What is Atticus implying about the adults of Maycomb when he tells Alexandra, "We've made it this way for them, they might as well learn to cope with it," in Harper Lee's To Kill a Mockingbird?  

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Tamara K. H. eNotes educator| Certified Educator

In Chapter 22 of Harper Lee's To Kill a Mockingbird, Atticus says the words in question to Aunt Alexandra immediately after he returns home with Scout and Jem after hearing Tom Robinson's verdict. When Aunt Alexandra sees how upset Jem looks, she scolds Atticus about how unwise it was to let his children observe the trial. Atticus's response is a way of telling his sister that there really is no sense in protecting the children from the evil racism that exists in Maycomb.

When Atticus says the phrase, "We made it this way," he is referring to Maycomb's adult citizens, citizens who are very trapped in their racially prejudiced thinking and have made the choice to keep being racists. Since Maycomb, as well as all of the South in this time period, is racially prejudiced, Atticus is pointing out that the children's home is full of racial prejudices due to the choices of the citizens. He further asserts, when he says that "they might as well learn to cope with it," that it is better for the children to learn racism exists than to hide them from it. Only by learning that it exists will the children be able to learn to deal with any bitterness exposure to racist injustice may bring out in them and learn how to rise above such racism.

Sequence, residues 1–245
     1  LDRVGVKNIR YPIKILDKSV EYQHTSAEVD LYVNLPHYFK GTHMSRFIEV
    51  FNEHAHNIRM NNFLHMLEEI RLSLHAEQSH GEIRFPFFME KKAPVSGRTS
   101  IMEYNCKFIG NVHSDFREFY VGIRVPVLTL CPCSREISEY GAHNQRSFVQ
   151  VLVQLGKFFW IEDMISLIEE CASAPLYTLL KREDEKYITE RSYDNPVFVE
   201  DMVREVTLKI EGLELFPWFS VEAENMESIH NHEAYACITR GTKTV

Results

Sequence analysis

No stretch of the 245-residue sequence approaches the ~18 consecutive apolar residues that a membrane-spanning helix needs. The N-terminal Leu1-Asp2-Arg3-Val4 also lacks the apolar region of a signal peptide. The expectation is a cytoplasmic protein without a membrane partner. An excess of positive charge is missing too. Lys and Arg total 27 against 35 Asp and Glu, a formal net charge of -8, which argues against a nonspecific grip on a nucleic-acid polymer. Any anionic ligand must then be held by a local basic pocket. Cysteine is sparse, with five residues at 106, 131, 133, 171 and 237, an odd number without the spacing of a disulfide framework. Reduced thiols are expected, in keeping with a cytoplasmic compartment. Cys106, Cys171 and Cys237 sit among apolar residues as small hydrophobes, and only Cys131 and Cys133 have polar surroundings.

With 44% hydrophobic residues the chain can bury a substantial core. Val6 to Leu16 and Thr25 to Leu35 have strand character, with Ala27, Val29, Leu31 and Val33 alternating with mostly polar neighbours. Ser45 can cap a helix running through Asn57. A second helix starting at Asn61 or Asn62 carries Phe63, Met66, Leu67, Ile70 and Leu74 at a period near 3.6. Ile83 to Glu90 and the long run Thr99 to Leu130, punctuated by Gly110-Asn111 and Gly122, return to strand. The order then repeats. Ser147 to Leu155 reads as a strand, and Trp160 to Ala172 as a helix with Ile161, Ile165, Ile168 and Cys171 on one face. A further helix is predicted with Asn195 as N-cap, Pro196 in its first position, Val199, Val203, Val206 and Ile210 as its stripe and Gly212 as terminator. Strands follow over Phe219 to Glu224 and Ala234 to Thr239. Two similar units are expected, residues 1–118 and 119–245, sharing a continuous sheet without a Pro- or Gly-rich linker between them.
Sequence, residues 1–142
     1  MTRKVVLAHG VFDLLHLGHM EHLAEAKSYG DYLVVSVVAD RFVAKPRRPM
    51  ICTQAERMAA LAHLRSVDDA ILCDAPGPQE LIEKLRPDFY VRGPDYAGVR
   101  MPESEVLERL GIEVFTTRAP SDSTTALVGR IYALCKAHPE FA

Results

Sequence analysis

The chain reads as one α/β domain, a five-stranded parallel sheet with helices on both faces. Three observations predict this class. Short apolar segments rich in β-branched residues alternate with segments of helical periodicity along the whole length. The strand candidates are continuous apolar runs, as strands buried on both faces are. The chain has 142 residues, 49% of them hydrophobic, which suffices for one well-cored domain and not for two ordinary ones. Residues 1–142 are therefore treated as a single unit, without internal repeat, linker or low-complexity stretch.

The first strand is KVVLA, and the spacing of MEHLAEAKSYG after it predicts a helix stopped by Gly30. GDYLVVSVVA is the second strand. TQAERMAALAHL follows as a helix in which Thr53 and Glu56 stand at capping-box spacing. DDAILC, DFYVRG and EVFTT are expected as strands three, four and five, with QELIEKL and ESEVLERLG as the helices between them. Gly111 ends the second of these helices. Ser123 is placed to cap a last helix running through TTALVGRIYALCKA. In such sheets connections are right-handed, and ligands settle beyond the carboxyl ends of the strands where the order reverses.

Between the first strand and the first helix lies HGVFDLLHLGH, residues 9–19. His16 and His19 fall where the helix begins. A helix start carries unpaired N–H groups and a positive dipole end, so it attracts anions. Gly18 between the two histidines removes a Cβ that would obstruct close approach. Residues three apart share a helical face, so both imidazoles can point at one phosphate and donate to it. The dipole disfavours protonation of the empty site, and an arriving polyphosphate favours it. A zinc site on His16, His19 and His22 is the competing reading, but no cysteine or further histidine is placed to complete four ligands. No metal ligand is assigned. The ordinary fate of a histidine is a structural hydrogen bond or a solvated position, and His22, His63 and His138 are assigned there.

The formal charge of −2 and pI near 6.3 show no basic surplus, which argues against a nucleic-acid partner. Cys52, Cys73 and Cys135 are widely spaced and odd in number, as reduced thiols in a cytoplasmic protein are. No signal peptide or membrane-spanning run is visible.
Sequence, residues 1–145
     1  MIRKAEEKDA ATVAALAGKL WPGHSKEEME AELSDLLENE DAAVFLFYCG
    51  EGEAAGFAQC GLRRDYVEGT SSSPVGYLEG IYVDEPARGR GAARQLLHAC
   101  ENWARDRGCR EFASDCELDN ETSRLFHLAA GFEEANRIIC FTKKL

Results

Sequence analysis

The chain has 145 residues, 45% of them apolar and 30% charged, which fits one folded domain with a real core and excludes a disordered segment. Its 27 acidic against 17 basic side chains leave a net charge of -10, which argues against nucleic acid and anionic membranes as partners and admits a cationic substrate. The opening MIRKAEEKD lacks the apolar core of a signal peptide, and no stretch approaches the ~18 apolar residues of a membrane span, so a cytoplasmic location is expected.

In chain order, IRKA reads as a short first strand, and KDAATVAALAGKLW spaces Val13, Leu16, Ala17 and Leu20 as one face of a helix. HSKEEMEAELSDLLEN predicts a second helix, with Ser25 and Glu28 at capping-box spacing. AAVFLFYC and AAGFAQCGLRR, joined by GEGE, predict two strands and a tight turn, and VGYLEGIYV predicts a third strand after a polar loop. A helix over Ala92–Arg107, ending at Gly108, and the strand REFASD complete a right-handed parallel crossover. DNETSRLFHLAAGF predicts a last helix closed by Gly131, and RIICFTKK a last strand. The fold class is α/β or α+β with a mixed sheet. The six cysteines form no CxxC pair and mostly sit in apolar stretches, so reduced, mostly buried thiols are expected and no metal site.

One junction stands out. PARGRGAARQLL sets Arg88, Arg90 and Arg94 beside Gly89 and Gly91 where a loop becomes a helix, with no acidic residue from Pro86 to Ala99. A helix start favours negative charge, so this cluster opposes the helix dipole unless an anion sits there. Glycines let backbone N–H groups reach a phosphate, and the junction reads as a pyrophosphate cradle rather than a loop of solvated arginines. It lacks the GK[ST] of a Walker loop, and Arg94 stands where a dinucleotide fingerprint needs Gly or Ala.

When Aunt Alexandra continues to protest, saying that just because the town is racist doesn't mean the children have to go to the courthouse to observe racism in action, Atticus points out the children can observe equal amounts of racism at the missionary teas Aunt Alexandra hosts and wants to expose Scout to. In short, Atticus is asserting that there is no sense in hiding the children from exposure to racism because, in reality, there is no place to hide them from it--racism is everywhere in Maycomb.

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To Kill a Mockingbird

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